Infrared photography used on Edvard Munch’s “The Scream” at the National Museum of Norway. (Photo: Annar Bjorgli/The National Museum)

Etched into the paint of one of the most famous paintings in the world, a haunting eight-word sentence has been a mystery to art historians for over a century. In 1904, a Danish art critic peering at Edvard Munch‘s The Scream noticed graffiti along the rolling clouds of the blood-red sunset. The sentence reads, “Can only have been painted by a madman.” The mysterious statement—clearly added sometime after the painting’s debut in 1893—was long thought to be added either by a disgruntled onlooker or perhaps the artist himself. The century-old debate has finally been settled by modern technology. Using infrared photography to compare handwriting to Munch’s letters and journals, experts at the National Museum of Norway claim the words are in fact the artist’s own.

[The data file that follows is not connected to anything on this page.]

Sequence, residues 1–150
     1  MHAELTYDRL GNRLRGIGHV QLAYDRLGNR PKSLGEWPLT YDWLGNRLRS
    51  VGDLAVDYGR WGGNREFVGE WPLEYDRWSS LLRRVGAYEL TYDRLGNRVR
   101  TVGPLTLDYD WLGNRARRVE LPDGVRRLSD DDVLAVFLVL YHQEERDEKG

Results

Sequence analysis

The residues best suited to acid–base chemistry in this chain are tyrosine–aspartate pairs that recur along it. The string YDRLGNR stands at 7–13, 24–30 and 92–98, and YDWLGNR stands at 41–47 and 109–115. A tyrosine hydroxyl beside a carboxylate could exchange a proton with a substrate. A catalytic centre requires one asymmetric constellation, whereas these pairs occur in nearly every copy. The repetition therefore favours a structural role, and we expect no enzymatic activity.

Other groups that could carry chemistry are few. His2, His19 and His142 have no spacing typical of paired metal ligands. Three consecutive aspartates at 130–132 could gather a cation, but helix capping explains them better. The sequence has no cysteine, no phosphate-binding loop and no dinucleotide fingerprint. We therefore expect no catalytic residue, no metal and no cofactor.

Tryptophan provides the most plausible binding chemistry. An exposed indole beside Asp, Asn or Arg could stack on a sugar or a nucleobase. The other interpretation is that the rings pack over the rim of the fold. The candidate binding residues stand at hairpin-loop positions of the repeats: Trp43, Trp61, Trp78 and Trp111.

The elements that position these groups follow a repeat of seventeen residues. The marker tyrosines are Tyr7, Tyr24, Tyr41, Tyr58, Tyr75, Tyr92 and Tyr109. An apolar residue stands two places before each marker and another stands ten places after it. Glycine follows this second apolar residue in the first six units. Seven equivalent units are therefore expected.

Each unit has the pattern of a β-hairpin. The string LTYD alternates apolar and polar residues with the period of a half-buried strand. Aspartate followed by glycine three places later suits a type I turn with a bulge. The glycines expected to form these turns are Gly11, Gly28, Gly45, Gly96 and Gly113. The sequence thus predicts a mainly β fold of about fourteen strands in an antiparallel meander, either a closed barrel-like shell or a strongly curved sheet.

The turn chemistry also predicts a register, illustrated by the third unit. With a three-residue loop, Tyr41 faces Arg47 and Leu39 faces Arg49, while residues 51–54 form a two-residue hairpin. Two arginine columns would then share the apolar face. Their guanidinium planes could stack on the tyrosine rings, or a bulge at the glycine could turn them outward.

As part of Norwegian

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Edvard Munch’s “The Scream” is one of the world’s most enduring paintings.

Its androgynous muse appears to be in some kind of agony and bold waves of color overwhelm the spectator. But what appears on the upper left corner of the masterpiece has intrigued the art world for decades. It reads, “Could only have been painted by a madman.”

There has been speculation that a vandal somehow inscribed the words on the 1893 painting, but the New York Times reported that curators at Norway’s National Museum of Art, Architecture and Design determined that the words were written by Munch himself.

Mai Britt Guleng, one of the curators, told the Times that he had been examining the inscription “letter by letter” and determined that it is “identical in every way to Munch’s handwriting.”


“So there is no more doubt,” he said.

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